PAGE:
According to preliminary OECD figures, Germany was the second largest European government donor in 2012, spending US$13.1 billion (€10.2 billion) on net official development assistance (ODA). The ODA share slightly decreased from 0.39% of gross national income (GNI) in 2011 to 0.38% in 2012. As the budget of the Federal Ministry for Economic Cooperation and Development (BMZ), Germany’s main ODA provider, is expected to decrease through 2016, it is unlikely for Germany to meet the 0.7% by 2015.
German development policy aims at reaching the MDGs and is based on a human rights and gender equality approach. The current conservative-liberal government places a stronger focus on linking foreign and economic interests with development cooperation, and on private sector involvement. The government has committed to channelling two-thirds of German ODA bilaterally in the future, to increase the visibility of German development assistance.
Germany spent US$1.03 billion (€743 million) on global health in 2010, accounting for 6.8% of total German ODA. At the G8’s 2010 summit, Germany pledged €400 million (US$530 million) for the Muskoka Initiative on Maternal, Newborn and Child Health. Key priorities of German global health policy are HIV/AIDS prevention and treatment, health systems strengthening, and sexual and reproductive health and rights. Germany is the 4th largest donor to the Global und to Fight AIDS, Tuberculosis and Malaria (Global Fund).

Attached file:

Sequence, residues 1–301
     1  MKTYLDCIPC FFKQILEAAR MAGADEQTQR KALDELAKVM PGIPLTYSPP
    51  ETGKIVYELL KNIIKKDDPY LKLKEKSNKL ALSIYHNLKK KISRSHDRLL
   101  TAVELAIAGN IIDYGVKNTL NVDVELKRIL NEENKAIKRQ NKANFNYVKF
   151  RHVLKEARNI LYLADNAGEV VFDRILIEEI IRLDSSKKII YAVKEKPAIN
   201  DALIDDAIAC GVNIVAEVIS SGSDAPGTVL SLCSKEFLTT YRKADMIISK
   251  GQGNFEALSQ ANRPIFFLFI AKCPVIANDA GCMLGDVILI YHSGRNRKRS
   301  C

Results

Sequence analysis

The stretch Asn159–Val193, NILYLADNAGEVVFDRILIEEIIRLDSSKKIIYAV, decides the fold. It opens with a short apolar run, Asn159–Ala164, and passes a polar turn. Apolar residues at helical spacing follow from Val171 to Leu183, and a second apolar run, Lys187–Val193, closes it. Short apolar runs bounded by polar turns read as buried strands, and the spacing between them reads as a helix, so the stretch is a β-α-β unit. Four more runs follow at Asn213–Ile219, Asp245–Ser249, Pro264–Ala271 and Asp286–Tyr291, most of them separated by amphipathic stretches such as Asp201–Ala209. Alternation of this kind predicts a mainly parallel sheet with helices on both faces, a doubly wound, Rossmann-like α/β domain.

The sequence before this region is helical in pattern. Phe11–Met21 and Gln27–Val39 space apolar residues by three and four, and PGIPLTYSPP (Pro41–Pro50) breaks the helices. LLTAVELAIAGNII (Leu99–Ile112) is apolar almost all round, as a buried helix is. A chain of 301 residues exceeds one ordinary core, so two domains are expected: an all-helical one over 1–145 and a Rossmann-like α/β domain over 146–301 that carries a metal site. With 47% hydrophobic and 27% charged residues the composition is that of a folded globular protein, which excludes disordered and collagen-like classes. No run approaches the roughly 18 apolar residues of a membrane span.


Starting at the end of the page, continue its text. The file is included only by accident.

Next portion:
In 2010, Germany spent US$947 million (€681 million) on ODA to agriculture and rural development, making it the largest European government donor. Funds have increased by 37% since 2008 and accounted for 6.2% of total German ODA in 2010. Germany pledged US$3 billion to the L’Aquila Food Security Initiative for 2010 to 2012. A new sector strategy on sustainable agriculture was released in late 2012, focusing on poverty reduction in rural areas and food security. Moreover, collaboration with the German private sector is gaining weight.
the Germany profile